• When all the meat is done, deglaze the pan with your sauce ingredients, if desired.
  • Serve the meat plated on top of veggies, or quickly toss everything back in the pan to heat through and combine flavors.


Beef and Green Pepper Stir-Fry

Stir Fry


I know, I said I don’t usually use recipes, but when cooking something unfamiliar it’s helpful to have a roadmap. Here are some basic instructions adapted from the recipe for Oyster-Flavored Beef Over Rice from the Wei Chuan One Dish Meals cookbook.

Serves 4



1 lb. flank steak

2 Tbsp. soy sauce

2 Tbsp. rice wine or dry sherry

1 Tbsp. cornstarch

1 tsp. sesame oil

2 green onions, cut into 1″ sections

6 slices ginger root

2 bell peppers, thinly sliced

3/4 c. water

3 Tbsp. soy sauce

2 Tbsp. Taiwanese sa cha sauce or oyster sauce

1 Tbsp. rice wine or dry sherry

splash of red wine vinegar

2 tsp. cornstarch

2 tsp. sugar

2-3 Tbsp. cooking oil, such as canola, grape seed or peanut



  1. Freeze the beef for a few hours, if possible, to make it easier to slice. Slice into two or three sections lengthwise, then cut on the bias into thin strips.
  2. Marinate the beef with soy sauce, wine, sesame oil and cornstarch.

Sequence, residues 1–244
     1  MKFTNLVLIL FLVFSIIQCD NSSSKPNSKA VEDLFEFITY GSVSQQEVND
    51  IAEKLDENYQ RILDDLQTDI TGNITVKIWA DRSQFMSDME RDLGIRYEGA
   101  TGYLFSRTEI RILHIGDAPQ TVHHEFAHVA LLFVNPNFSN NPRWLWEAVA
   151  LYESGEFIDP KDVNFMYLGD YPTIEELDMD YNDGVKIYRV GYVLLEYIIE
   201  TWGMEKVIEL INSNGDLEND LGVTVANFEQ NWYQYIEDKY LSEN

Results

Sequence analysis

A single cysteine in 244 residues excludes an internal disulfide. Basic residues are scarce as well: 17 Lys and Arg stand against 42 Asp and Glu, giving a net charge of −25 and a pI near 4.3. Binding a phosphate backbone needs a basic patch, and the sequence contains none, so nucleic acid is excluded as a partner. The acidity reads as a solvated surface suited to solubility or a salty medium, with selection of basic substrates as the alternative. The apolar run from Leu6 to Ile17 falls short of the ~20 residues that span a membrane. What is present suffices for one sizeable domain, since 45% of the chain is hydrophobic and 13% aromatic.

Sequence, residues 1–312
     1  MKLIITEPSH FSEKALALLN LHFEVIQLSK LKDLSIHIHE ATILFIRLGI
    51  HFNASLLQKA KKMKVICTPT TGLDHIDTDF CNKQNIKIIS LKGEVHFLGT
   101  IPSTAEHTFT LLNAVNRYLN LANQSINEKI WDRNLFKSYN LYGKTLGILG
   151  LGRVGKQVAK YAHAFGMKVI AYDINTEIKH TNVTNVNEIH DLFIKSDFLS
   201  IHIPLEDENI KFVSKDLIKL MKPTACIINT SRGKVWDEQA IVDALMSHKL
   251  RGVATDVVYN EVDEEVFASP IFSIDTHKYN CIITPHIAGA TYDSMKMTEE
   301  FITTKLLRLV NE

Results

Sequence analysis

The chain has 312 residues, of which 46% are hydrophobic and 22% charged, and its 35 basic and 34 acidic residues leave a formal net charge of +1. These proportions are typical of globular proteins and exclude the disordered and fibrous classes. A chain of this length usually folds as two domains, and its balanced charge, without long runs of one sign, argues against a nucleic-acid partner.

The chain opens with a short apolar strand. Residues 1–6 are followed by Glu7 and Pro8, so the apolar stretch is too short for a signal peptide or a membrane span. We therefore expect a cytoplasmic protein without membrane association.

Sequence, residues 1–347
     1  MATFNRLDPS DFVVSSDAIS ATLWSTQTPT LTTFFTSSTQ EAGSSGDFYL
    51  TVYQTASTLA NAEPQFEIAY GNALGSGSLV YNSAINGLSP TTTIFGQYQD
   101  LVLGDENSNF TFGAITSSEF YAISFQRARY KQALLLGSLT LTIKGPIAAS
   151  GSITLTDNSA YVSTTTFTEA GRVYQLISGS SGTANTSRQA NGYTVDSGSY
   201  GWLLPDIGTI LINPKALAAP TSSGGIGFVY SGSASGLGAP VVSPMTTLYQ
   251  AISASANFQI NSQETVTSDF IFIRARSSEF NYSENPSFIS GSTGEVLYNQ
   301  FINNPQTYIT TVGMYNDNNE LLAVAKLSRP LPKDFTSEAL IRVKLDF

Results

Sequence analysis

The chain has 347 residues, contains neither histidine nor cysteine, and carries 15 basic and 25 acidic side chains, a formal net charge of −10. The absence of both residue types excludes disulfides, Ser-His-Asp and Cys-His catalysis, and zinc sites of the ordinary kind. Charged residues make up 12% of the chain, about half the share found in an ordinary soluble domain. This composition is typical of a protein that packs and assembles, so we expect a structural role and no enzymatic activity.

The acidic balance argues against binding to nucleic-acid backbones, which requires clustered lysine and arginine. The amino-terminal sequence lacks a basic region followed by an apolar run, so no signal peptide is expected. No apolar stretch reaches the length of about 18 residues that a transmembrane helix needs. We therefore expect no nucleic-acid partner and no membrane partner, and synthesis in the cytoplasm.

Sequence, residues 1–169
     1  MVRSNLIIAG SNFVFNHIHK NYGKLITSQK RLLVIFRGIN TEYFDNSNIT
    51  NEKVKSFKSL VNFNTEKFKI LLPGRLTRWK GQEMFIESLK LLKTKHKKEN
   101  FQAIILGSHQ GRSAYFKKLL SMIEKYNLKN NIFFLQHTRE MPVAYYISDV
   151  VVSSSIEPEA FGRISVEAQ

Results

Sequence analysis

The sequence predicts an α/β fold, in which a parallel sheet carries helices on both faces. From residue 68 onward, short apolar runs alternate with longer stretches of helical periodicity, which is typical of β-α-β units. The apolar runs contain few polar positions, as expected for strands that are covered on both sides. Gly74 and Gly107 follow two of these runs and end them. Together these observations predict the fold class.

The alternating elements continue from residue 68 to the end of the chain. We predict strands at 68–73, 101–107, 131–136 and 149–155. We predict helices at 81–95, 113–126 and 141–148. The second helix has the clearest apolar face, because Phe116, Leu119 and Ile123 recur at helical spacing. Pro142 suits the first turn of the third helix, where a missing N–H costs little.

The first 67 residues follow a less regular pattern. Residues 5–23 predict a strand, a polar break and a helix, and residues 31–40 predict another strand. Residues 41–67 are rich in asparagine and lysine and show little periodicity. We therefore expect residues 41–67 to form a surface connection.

3. Meanwhile, stir together the other liquid ingredients and keep close by.
  4. Heat pan to high. When the pan is hot, add 1 Tbsp. oil and swirl to coat the bottom.
  5. Add ginger and green onions, flipping constantly with a spatula.When the aromas are released, remove them from the pan and set aside.
  6. Add a little more oil, if needed, and saute the pepper slices. Remove and keep with the aromatics.
  7. Add a generous amount of oil and let it heat up a little, then add some of the meat, but not so much that the pieces are touching.
  8. Let the meat sear, then flip the pieces with the spatula. When each batch is done, remove to a plate. Repeat with remaining meat, adding oil as necessary.
  9. When all the meat is finished, deglaze the pan with the sauce mixture, scraping up any browned bits on the bottom of the pan.
  10. The sauce should bubble and thicken. When the liquid turns translucent, reduce the heat and add the meat back in, mixing all the flavors together.
  11. Plate the meat over the sauteed vegetables or add the cooked vegetables back into the pan for a quick toss.
  12. Serve with steamed rice.


For more great stories and recipes in honor of Asian Pacific American Heritage Month, visit Linda at Spicebox Travels or follow the #LetsLunch tag on Twitter.


  1. says

    Bravo Grace, it’s exactly how I teach stir frying except I don’t bother with cornstarch flurry. Moms rule. Perfect topic for Asian Heritage Month.

  2. says

    I have begun using coconut oil for my stir fry because it has such a high smoke point. Have you tried it and if so, what are your thoughts on it?

    • says

      Karen, I haven’t tried coconut oil for stir-frying yet. I do use coconut oil for making pop corn, but the jar I have has some kind of flavoring in it, so I’ll have to get some plain coconut oil and try it out. Do you think the flavor is overpowering? That would be my only concern.


Leave a Reply

Your email address will not be published. Required fields are marked *